As a result, Finnish issued Mosin Nagants may be
found with Serbian markings. Several of the Serbian
marked rifles identified during our research are
also Finnish marked. So get out your rifles and start
looking! Theres no telling what you might find!
A Word from
As a footnote,
I would like all of you to know that this research
has never been published before now. Bits and pieces
of it have appeared on the Forum during discussion,
but the meat of what Kevin and I uncovered while
working together, is being shared for the first time.
This data along with allot of other material, will
appear in my book, if I ever get it finished! Kevin
is also writing a number of articles for several
of the collectors journals. However, as it may be
quite awhile before either one of us publishes this
information in hardback form. I would simply like
to say, that if any of you out there, who are working
on a publication of your own, decide to publish this,
please give Kevin and me at least a mention and some
credit! Its been a labor of love and has taken
quite a bit of time, as all original research does.
We wanted to share this with all of you, as what
fun is knowledge if its not shared? Since I
actually wrote this article, I will take the blame
for any mistakes made! Kev wouldnt have made
any, just to make me look bad! My apologies in advance!
I would also like
to thank Karl-Heinz Wrobel for both the supporting
in formation he supplied, as well as his help in
proof reading and critiquing the finished article.
John Wall deserves
a special note of thanks as well. His proofreading
and advise was most helpful.
In addition, we
would like to thank Tuco for the wonderful work he
has done in bringing us all together! We have all
made lasting friendships through the Forum and are
very fortunate to have Tuco support our hobby in
such grand style!
range of different markings that may appear on
weapons from this region.
is by no means complete and is always a work
1894: marked with early style Serb crown and
bearing a separately stamped Cyrillic S (capitol
C) and a Crown/M.
1894: different view showing both the Crown
and the Cyrillic S (capitol C) for Serbia
1894: different view showing the Crown over
1894: the bolt guide rib is marked with a capitol
C even though the bolt serial number does not match
the receiver. It was most likely an arsenal replacement
that dates to WWI or earlier.
1906: marked with a Capitol S (capitol C) for
1914: Peter the Great marked rifle marked with
the second type of crown alongside the Cyrillic
D in a circle.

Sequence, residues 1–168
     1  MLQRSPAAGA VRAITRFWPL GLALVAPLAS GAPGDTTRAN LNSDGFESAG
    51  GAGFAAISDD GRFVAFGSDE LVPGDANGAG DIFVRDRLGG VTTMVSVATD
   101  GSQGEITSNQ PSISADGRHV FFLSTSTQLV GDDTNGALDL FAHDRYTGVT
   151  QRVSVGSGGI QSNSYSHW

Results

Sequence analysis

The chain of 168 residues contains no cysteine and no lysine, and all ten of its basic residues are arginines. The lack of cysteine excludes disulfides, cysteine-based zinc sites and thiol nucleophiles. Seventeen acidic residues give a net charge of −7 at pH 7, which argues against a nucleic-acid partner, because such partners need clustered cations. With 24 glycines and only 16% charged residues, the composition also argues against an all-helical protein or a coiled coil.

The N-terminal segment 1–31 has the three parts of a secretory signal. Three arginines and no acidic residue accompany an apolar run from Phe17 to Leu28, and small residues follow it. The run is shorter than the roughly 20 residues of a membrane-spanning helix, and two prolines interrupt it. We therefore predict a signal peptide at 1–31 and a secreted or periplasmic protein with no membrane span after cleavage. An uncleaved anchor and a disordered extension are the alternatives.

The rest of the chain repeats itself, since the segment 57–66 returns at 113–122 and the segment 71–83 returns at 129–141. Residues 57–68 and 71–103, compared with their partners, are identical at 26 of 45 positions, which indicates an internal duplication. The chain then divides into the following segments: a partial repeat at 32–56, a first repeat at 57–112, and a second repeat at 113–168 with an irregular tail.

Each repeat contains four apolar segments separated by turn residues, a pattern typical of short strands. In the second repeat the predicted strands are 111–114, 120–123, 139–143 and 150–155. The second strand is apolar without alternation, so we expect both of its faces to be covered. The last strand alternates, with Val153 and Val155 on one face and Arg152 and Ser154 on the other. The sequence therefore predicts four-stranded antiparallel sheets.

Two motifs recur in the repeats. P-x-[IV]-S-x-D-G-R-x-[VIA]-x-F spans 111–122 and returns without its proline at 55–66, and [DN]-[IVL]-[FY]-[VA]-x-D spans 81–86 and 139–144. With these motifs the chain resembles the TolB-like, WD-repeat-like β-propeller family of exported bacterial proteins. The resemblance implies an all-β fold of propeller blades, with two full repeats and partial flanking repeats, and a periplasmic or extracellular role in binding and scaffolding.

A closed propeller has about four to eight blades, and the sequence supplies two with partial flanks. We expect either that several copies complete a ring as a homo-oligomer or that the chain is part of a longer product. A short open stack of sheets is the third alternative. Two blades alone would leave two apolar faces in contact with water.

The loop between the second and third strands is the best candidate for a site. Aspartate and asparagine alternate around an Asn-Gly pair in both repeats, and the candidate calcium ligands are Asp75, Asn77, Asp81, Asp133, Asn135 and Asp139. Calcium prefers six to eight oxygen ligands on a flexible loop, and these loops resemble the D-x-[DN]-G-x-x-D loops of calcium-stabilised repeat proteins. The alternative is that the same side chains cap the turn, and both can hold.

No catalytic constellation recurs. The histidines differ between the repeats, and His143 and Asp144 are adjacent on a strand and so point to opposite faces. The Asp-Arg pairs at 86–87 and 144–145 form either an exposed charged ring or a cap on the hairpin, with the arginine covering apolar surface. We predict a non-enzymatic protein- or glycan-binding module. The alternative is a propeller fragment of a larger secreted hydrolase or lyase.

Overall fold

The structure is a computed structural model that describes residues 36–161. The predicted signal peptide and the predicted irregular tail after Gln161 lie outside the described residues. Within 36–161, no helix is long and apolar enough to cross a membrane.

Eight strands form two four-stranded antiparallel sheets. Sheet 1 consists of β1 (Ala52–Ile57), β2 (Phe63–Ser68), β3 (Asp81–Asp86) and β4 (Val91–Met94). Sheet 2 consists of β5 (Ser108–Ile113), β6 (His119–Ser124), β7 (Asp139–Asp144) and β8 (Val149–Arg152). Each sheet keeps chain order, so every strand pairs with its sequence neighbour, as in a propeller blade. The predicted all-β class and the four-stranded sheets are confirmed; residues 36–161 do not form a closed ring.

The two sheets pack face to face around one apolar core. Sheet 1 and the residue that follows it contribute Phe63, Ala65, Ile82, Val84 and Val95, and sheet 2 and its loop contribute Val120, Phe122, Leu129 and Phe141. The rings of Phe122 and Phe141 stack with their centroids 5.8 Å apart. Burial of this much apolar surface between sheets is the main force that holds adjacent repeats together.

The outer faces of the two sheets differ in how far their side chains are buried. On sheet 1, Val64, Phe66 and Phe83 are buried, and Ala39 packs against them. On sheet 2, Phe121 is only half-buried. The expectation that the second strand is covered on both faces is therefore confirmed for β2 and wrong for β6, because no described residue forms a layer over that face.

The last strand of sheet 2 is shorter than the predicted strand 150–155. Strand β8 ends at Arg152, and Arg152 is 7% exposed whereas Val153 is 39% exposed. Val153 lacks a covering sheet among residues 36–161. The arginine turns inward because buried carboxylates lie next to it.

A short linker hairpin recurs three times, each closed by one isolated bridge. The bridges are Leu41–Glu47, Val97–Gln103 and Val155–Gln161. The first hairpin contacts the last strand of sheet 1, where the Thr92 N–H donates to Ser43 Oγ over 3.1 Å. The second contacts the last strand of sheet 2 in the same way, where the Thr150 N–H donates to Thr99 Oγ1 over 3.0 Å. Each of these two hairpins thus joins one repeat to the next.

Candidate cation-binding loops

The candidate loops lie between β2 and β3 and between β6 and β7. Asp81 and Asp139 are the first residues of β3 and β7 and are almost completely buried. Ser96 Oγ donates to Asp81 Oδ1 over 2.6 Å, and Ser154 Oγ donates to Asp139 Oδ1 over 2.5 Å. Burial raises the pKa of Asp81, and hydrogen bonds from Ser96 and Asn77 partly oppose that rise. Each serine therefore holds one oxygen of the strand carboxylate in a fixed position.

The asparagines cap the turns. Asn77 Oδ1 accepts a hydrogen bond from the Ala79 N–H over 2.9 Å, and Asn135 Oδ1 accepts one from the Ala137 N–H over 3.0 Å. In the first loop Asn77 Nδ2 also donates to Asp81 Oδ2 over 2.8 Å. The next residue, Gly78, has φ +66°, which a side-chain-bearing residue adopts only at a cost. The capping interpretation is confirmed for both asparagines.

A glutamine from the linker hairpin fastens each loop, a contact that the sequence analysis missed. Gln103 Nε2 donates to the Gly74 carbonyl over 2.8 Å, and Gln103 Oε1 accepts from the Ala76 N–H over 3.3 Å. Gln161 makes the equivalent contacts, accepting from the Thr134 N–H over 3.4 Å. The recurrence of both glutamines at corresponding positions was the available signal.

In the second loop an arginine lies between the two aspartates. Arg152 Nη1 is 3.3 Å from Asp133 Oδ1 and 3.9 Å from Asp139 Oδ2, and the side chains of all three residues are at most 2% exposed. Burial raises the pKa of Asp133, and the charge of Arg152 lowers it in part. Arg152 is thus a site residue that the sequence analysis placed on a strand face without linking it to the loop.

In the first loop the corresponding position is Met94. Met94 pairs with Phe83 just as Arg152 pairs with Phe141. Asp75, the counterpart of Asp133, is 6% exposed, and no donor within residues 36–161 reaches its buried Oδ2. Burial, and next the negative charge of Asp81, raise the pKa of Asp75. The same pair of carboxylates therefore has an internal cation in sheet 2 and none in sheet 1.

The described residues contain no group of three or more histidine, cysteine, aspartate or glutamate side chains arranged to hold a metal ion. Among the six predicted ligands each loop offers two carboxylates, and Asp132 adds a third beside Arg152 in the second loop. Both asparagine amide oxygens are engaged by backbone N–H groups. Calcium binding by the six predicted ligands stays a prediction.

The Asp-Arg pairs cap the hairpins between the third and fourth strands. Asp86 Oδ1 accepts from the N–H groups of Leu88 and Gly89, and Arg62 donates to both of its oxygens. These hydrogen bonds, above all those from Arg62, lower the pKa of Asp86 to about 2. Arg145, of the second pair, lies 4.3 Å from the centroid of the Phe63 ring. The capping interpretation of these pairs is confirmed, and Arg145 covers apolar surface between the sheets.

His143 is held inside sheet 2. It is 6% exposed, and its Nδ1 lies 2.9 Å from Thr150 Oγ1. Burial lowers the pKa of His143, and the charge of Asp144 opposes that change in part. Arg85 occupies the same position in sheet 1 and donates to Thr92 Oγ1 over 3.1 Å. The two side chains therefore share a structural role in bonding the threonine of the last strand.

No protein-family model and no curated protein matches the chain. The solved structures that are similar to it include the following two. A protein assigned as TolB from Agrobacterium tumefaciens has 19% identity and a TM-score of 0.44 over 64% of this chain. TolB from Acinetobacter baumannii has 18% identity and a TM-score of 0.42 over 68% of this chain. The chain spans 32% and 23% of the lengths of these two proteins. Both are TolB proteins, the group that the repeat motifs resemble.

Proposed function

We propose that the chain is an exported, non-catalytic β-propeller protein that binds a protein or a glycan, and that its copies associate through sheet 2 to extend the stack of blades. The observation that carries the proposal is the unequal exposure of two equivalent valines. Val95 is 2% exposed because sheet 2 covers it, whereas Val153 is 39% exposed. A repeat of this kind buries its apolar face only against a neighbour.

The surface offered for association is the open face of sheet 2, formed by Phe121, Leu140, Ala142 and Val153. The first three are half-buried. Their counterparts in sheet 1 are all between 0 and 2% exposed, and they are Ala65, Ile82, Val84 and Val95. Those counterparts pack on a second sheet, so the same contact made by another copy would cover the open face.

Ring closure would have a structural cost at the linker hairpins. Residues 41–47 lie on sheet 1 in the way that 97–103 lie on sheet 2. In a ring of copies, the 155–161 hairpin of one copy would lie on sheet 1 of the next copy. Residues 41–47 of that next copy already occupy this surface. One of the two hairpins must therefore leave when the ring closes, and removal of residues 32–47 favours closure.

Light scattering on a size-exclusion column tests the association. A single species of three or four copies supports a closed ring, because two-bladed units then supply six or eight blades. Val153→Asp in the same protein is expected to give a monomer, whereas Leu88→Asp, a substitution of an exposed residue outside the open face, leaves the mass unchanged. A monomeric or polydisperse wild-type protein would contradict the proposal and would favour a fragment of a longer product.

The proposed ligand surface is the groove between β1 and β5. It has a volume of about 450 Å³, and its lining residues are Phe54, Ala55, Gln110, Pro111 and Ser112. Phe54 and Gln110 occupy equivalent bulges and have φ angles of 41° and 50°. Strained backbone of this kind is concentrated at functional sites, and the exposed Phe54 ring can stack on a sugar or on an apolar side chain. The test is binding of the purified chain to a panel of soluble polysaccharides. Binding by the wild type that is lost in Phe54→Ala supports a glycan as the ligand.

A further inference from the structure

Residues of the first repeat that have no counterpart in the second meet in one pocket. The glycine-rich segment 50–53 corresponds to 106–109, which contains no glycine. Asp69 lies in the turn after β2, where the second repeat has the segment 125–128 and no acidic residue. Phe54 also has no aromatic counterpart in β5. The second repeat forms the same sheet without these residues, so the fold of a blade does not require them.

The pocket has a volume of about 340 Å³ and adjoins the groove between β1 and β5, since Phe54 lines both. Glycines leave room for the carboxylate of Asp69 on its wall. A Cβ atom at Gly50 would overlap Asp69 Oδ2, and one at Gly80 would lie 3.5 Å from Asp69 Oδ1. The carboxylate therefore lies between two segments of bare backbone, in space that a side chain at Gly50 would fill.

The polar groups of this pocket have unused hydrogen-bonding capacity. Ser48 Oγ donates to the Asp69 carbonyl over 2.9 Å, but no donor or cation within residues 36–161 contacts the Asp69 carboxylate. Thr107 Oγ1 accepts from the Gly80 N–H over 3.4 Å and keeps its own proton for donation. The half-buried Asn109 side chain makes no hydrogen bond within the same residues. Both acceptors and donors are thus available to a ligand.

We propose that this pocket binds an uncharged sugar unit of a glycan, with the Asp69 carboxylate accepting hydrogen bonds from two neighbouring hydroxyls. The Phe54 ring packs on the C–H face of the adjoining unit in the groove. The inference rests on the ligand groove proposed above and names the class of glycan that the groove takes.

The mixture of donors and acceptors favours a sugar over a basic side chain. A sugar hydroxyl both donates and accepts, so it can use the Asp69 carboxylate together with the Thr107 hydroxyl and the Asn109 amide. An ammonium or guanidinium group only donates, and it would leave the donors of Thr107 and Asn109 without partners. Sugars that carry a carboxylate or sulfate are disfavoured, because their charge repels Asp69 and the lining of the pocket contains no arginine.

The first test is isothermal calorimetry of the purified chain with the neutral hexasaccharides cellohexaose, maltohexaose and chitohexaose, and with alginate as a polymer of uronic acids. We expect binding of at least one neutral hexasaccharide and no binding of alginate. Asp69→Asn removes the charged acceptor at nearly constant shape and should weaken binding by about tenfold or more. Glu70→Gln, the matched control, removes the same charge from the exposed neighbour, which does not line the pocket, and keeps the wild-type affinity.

1913: marked with Cyrillic D in a circle
1897: marked with Cyrillic S (capitol C) for
1916: marked with a Cyrillic S (capitol C)
1913: trigger guard flange, marked with a Cyrillic
S (capitol C) alongside the bow and arrow mark
1914: trigger guard flange, marked with a Cyrillic
D in a circle alongside the hammer mark of Tula.
1914: matching rifle, marked with Cyrillic
D in circle
1914: same matching rifle as above, note
the bolt is also marked with a Cyrillic D, but
not within a circle.
1916: marked with Cyrillic S (capitol C) amongst
original Russian proofs.
with a Cyrillic S (capitol C). This rifle is interesting
as the C is stamped over a defaced eagle. In addition,
the rifle is Austrian marked (AZF). Was it captured
from the Serbs by the Austrians, or was it captured
by the Austrians from the Russians and then in turn,
liberated by the Serbs? An interesting rifle.
Model 1884 Mauser Carbine - Proof marks found
on the forward portion of the chamber of the carbine.
Model 1884 Mauser Carbine - Cartouche found
on the stock of the carbine.
Model 1899/07 Mauser Rifle - Crown/T proof
found on the receiver.
Model 1899/07 Mauser Rifle - Unusual HC proof
in the shape of a K (for Steyr?) on the trigger
guard and floorplate.
Model 1899/07 Mauser Rifle -Crown over Cyrillic
P cartouche on the stock.
Model 1910 Mauser Rifle -Cyrillic D in a circle
found on the trigger guard assembly and floorplate.
Model 1899 bayonets - Cyrillic S (Capitol C)
mark of two slightly different sizes on the crossguard
of two bayonets for the Mauser rifle.
1915 - Montenegrin marked rifle. Two small
crude eagles have been added to the left side of
the barrel and receiver and partially hidden by
the woodline, is an HI mark. Two rifles with these
marks have been located to date.
1915 - Second view of the same markings from
a slightly different angle.
WW1 period postcard of Montenegrin troops with